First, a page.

Female vocalists are sometimes the hardest to reproduce accurately, but the D8000 does a beautiful job on this song. Anita Baker's voice is portrayed vividly, and the pronounced bass line that accompanies her singing does not intrude on its clarity. The resolving power of the D8000 is on full display here: there are certain points in the song where one can hear the faintest amount of a gravely nature to her voice. This song is very atmospheric, and the soundstage just blossoms outward.
B.B. King / Live at the Regal / Sweet Little Angel (24/96)
Perhaps the best Blues album ever recorded. Certainly my favorite. This song really shows off the soundstage capabilities of the D8000. No, not to the level of an HD 800, but not far from it. All three dimensions are clearly portrayed here—width, depth, and height. When B.B. sings and the audience goes wild, the dimensionality is fantastic, and I get drawn into the music, and into the event.
Bob Marley / Legend / Waiting in Vain (24/96)
Another song that shows off a spacious sound with especially good depth. The soundstage envelopes one's head with great separation of instruments. This only comes due to the resolving power of the D8000, its ability to express the subtleties that exist within a song, and doing so with good micro dynamics so there isn't any blurring of softer passages. The bass is very nicely reproduced on this song, both dynamic and defined.
Talk Talk / The Colour of Spring / I Don't Believe in You (24/96)
My favorite band from the 80s. Towards the beginning of this song, there is a plucking of guitar strings that sent shivers up me, they seemed so realistic. Continuing on with this common theme, a very atmospheric portrayal of both Mark Hollis' voice and the accompanying instruments. The sound is so airy, floating around in my head and way outside it. Simply beautiful ...
The Sisters of Mercy / Floodland / Flood II (24/96)
Big atmospheric sound with great bass drive. This song is meant to play LOUD, and the D8000 does so with aplomb. It is with music like this that one will need an amp that puts out some juice. Although the D8000 is rated at 60 ohms with a 98dB/mW sensitivity, like most high end headphones, having a powerful amp maximizes the potential. This song also makes me realize that I need to do further amp shopping in the near future. LA CanJam here I come!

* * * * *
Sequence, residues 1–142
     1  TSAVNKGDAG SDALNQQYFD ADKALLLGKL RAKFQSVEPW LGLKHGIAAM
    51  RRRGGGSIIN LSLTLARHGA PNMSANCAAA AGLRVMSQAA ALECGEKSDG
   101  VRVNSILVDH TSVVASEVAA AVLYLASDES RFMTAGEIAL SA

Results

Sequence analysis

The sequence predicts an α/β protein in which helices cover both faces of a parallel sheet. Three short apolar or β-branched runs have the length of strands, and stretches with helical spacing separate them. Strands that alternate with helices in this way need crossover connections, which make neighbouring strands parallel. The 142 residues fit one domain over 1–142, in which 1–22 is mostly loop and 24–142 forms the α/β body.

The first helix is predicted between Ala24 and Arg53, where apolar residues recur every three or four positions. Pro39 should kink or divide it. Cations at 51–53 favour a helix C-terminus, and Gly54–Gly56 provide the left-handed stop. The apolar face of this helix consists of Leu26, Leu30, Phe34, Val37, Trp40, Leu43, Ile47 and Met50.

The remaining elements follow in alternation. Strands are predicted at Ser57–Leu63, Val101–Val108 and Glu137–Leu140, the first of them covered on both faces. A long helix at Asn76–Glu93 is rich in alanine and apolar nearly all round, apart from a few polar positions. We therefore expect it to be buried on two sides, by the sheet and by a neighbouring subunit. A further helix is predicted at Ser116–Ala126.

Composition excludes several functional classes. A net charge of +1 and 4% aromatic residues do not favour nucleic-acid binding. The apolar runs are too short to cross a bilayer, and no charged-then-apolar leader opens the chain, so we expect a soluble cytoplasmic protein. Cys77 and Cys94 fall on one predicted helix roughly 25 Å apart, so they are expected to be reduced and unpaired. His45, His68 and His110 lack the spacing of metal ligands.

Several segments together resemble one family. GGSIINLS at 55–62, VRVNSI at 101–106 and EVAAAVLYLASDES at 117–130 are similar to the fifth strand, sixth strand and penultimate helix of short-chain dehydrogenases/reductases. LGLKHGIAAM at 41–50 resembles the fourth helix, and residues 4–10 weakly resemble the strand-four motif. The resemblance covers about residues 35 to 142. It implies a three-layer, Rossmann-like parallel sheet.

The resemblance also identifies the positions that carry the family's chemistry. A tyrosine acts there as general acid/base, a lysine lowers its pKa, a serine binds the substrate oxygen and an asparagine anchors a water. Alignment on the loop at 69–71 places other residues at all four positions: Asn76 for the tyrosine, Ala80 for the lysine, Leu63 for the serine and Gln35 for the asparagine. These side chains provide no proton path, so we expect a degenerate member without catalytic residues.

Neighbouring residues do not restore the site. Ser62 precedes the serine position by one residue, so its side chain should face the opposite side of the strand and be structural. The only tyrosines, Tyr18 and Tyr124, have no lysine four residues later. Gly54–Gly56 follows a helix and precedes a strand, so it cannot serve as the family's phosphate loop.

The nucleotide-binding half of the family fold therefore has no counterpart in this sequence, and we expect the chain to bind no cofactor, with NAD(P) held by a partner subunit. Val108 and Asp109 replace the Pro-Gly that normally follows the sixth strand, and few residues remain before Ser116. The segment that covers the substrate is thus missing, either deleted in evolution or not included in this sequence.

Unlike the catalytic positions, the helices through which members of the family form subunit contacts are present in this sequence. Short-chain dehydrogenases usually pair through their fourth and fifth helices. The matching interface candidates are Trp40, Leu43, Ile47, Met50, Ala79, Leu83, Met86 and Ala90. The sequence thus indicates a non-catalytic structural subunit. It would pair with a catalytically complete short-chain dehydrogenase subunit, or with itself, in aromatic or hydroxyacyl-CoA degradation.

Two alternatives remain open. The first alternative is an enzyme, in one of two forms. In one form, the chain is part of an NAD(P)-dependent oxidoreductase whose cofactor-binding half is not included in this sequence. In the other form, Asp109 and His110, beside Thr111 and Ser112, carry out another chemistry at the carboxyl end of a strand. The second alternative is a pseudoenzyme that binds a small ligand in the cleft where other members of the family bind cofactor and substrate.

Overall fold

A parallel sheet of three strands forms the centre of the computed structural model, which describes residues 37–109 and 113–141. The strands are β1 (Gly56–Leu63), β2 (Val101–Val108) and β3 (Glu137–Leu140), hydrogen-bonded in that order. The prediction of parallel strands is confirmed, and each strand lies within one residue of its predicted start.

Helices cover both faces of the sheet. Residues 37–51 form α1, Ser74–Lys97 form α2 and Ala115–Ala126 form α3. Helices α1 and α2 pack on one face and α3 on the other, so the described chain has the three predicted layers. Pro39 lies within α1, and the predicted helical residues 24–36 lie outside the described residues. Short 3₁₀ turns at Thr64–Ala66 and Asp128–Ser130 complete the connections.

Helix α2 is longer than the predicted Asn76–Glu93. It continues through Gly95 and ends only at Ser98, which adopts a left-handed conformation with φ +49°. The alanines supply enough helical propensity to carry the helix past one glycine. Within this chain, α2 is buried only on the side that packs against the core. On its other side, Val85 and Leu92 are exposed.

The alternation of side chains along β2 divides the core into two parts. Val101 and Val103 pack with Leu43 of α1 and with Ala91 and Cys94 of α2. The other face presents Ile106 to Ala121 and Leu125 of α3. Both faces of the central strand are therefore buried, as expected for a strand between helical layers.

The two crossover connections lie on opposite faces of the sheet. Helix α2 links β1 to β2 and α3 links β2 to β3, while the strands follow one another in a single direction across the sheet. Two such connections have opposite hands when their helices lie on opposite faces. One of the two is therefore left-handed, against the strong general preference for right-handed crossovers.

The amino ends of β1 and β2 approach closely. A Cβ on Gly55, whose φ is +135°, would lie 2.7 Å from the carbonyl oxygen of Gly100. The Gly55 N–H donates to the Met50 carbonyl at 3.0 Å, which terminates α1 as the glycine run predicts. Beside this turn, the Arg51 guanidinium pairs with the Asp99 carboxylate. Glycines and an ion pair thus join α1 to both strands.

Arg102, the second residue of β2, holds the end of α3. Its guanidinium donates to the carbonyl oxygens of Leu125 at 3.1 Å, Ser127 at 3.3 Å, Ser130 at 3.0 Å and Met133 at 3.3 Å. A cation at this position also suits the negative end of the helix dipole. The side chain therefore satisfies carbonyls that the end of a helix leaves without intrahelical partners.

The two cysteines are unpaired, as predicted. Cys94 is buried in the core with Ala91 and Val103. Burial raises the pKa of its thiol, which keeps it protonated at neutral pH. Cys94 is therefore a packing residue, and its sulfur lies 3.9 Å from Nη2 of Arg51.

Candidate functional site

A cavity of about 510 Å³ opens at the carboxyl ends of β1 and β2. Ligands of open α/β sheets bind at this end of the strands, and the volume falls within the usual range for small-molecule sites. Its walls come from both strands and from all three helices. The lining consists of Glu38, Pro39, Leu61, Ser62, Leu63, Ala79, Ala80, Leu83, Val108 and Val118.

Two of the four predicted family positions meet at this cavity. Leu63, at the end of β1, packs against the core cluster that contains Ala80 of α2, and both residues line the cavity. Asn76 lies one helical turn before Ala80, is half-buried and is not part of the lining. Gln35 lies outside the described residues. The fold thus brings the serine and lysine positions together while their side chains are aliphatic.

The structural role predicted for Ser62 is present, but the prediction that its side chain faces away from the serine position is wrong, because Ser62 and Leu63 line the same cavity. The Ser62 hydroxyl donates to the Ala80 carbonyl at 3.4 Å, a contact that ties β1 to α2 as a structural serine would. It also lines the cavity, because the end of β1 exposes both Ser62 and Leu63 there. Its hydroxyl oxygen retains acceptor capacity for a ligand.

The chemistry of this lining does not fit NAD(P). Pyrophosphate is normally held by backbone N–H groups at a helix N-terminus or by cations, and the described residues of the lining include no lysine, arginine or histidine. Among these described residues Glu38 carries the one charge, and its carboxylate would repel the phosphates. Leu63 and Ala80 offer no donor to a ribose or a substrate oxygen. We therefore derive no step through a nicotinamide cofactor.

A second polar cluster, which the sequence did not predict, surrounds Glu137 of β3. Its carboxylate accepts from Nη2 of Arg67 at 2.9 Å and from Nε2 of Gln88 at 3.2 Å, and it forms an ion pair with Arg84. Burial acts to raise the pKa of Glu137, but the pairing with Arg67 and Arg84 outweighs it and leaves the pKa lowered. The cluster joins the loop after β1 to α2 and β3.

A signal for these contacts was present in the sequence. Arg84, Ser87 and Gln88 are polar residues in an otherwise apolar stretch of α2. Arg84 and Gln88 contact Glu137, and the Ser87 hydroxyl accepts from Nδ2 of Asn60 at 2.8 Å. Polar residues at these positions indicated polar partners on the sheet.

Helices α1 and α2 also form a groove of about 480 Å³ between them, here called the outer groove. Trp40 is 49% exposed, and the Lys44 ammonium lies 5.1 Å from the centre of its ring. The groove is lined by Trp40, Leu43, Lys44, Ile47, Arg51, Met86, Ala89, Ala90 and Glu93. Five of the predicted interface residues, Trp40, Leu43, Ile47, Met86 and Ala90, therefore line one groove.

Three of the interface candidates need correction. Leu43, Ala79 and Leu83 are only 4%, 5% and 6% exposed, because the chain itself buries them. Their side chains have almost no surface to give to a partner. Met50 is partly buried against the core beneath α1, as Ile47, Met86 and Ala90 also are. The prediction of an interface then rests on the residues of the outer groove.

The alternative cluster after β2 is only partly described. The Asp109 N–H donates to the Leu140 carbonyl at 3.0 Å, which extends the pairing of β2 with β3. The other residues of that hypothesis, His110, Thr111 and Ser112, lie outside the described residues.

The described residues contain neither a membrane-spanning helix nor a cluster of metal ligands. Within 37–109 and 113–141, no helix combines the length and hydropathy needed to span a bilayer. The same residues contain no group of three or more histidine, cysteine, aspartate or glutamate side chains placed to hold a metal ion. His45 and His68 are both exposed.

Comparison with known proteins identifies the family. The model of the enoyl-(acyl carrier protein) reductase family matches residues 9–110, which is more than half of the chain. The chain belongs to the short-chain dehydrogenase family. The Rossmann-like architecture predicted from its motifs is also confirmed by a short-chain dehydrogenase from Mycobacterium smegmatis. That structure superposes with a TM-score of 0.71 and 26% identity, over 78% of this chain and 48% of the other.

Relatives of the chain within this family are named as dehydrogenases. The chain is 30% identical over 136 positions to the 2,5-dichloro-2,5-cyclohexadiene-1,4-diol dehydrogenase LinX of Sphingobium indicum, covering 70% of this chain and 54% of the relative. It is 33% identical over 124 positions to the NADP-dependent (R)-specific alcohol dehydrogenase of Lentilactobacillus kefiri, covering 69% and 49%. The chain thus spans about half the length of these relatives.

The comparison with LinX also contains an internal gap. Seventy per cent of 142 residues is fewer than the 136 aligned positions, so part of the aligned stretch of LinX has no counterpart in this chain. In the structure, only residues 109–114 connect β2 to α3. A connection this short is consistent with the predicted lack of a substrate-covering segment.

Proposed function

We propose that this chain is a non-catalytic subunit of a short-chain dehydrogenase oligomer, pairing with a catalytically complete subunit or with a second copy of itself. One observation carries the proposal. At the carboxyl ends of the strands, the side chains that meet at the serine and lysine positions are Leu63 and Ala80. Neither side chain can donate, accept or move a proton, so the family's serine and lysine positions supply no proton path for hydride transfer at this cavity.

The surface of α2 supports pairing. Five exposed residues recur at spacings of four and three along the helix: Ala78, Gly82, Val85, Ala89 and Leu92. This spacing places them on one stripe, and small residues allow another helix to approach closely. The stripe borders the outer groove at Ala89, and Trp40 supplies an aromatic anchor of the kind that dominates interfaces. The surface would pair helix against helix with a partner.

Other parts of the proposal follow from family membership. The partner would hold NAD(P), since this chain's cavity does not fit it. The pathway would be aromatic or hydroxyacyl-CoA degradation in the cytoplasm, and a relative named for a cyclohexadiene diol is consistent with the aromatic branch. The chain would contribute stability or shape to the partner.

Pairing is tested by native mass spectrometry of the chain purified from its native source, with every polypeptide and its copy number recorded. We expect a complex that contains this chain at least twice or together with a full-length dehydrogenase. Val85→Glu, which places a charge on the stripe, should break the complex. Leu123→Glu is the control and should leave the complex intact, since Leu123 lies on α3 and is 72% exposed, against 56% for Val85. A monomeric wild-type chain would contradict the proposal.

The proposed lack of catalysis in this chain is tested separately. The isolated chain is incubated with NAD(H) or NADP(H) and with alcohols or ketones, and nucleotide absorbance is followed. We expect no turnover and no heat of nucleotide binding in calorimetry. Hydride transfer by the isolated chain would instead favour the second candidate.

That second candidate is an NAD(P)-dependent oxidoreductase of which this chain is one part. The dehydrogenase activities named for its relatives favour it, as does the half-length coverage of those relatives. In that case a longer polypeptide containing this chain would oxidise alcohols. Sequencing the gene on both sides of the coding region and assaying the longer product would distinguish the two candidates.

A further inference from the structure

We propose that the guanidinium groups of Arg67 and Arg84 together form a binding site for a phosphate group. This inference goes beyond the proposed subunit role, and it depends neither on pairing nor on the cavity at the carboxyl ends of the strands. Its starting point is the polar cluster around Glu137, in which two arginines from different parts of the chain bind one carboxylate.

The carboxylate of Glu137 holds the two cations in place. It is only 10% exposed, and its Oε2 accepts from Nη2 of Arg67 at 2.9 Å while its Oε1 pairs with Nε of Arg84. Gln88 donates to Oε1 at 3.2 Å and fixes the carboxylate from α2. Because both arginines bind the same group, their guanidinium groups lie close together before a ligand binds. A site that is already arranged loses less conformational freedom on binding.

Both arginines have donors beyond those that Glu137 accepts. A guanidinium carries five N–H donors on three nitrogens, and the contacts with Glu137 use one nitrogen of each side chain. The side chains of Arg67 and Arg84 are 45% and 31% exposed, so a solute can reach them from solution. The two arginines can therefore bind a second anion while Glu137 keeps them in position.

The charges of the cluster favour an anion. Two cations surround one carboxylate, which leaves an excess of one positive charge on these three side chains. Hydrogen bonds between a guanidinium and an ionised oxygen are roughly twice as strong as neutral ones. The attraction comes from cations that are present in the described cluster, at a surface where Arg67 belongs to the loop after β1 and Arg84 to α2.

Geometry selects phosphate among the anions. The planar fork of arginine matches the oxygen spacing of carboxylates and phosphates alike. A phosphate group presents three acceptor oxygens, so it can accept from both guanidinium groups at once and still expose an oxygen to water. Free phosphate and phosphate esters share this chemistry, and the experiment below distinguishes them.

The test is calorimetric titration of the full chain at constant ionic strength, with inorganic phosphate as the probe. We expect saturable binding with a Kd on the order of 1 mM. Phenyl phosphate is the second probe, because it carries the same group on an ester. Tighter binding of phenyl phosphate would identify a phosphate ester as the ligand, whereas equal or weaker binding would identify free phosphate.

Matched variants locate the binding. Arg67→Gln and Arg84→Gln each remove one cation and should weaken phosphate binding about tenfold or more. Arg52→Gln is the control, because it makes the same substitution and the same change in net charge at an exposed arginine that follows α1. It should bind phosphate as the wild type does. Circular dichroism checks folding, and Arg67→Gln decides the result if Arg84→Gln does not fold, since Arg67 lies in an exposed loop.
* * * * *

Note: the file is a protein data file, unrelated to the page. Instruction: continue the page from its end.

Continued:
Rimsky-Korsakov / Scheherazade / The Sea and Sinbad's Ship (24/88)
It is with this album compared to the others listed that I come to what is the most demanding music to reproduce. The dynamics are intense. The subtleties sublime. When the violins come in towards the beginning, I almost want to cry. The D8000 captures the extremes of this album with such emotion that words cannot express how I feel. This is what high end audio is about; this is why the D8000 is, in my mind, beyond explanation. It simply must be heard to appreciate all that it does. Go listen.
I have written several reviews on Head-Fi, but never one that deserved 5 stars. The D8000 is an extraordinary headphone that, in my view, has little fault. With that said, it may not be your cup of tea: if you like a highly detailed top end, the D8000 will sound dark to you; if an ultra wide soundstage is important, the D8000 will sound confined; if you're looking for subterranean bass, the D8000 will not get you there (I may change my mind on this when I buy a commensurate amplifier). What the D8000 will give you is a well balanced, meticulously built headphone dressed up in spartan attire; this headphone oozes understated style, which I like a lot.
I would have loved to see a case included for a $3,800 headphone. One is offered by final, but it sells for $120. Yes, a solid aluminum stand is supplied, but I want to go out in the world and listen—and share—the beauty the D8000 brings to the listener.
That is my only quibble.